In Japan, the power to dissolve the House of Representatives is effectively reserved for the prime minister and is treated as a measure of last resort. Presumably, Abe would have considered the best timing to dissolve to the end of the representatives’ elected term in December 2016. It is safe to assume that when deciding the timing to dissolve, the prime minister took into consideration upcoming events such as controversial debates in the 2015 ordinary Diet session, the nationwide local elections in April, the LDP leadership election in September in which he has to secure reelection, and the Upper House election in July 2016. But then he considered the problems of “politics and money” facing him in October 2014, which included waning support for the Cabinet following the resignation of two Cabinet ministers and declining preliminary GDP figures for the July to September period, casting a shadow over the economy. Abe’s decision to dissolve the Lower House was likely made from the realization that, as things stood, the situation was only going to get worse for his administration. Thus, Abe’s dissolution of the Lower House dovetails perfectly with Alistair Smith’s model, discussed earlier, of dissolving parliament when political performance is expected to worsen in the near future.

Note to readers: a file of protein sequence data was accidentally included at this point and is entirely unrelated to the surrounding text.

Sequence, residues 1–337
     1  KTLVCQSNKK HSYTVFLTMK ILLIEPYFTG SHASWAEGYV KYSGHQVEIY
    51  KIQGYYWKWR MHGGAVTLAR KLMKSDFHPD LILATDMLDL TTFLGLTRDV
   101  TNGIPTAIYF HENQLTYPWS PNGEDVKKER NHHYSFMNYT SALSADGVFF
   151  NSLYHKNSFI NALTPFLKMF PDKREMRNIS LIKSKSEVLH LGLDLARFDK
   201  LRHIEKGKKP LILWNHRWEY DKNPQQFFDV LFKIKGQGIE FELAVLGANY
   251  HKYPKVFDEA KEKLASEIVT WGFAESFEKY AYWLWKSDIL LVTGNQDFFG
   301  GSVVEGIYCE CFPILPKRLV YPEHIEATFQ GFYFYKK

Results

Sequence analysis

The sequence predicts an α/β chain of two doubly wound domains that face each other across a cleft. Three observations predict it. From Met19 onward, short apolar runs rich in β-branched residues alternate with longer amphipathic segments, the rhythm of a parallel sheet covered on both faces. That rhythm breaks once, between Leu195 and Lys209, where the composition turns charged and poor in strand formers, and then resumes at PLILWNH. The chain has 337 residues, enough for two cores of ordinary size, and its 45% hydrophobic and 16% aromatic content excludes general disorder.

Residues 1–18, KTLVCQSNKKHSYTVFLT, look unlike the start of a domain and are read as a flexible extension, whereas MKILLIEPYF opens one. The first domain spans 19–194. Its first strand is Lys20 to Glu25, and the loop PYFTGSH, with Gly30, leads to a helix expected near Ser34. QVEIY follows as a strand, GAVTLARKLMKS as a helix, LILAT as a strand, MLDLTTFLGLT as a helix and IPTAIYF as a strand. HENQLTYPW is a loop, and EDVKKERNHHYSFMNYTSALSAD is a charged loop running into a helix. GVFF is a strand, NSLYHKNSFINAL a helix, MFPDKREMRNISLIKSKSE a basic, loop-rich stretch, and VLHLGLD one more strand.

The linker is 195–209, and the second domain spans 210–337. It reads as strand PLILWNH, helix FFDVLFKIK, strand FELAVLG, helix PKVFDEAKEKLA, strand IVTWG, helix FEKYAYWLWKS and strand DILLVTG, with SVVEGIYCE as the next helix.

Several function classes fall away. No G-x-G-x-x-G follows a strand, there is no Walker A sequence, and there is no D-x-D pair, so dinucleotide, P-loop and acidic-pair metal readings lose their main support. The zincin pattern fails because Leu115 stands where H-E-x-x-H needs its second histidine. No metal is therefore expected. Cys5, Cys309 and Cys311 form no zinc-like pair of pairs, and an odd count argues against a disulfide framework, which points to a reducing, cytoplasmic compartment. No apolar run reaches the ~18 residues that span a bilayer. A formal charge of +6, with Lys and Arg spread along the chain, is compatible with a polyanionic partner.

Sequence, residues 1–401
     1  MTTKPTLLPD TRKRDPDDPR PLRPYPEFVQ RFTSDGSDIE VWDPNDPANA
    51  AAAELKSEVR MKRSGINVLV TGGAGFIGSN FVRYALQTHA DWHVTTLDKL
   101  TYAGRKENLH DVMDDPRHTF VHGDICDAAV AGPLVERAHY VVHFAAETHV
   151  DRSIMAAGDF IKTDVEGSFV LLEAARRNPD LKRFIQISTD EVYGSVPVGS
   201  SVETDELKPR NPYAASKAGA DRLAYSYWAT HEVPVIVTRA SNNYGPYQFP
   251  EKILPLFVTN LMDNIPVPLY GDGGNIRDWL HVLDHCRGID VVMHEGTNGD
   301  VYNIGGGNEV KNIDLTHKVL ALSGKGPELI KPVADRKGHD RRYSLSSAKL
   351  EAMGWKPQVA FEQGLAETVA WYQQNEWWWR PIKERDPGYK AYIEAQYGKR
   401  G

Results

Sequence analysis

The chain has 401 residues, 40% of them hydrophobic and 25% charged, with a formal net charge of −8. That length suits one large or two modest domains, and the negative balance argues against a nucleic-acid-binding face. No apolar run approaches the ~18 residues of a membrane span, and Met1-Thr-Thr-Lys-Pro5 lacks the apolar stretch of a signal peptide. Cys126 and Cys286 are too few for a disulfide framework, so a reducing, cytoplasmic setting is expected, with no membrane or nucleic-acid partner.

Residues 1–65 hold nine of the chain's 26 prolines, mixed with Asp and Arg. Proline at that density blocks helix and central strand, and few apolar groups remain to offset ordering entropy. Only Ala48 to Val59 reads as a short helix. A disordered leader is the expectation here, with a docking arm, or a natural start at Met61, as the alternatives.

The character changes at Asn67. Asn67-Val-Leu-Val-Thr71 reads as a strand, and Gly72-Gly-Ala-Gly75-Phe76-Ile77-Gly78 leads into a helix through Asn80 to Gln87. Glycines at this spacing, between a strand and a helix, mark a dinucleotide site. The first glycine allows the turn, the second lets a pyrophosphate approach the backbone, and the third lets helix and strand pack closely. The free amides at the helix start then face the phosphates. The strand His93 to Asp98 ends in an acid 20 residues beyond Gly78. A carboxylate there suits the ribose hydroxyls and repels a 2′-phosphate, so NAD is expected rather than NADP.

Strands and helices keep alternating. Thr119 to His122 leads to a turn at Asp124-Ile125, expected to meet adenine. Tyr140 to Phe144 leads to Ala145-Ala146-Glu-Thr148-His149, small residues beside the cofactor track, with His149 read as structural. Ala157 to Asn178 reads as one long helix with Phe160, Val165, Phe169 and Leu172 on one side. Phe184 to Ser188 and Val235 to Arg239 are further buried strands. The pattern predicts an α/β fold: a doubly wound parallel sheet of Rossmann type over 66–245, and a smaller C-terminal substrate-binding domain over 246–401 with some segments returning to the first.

Election Results and Aftermath
The results of the general election can, in fact, be read as a mark of approval for Prime Minister Abe’s Cabinet by the electorate; however, it is not quite the overwhelming victory that the mass media reports it to be. Compared with the previous election, the LDP lost three seats while Komeito added four seats, leaving the political balance of power essentially the same as before the election. Nonetheless, the slight increase in Komeito representation means it is more likely that Komeito will act as a brake on the prime minister’s chosen policy course. As for the opposition parties, the Democratic Party did slightly increase its number of seats, although its party leader lost his election. The Japan Innovation Party lost one seat, leaving its position essentially unchanged; thus, they have virtually no power to challenge the ruling parties.
It is overly optimistic to assume that, politically, a smooth road ahead awaits the Abe Cabinet. Rather, it remains to be seen how skillfully the Prime Minister can utilize the asset of increased political support, as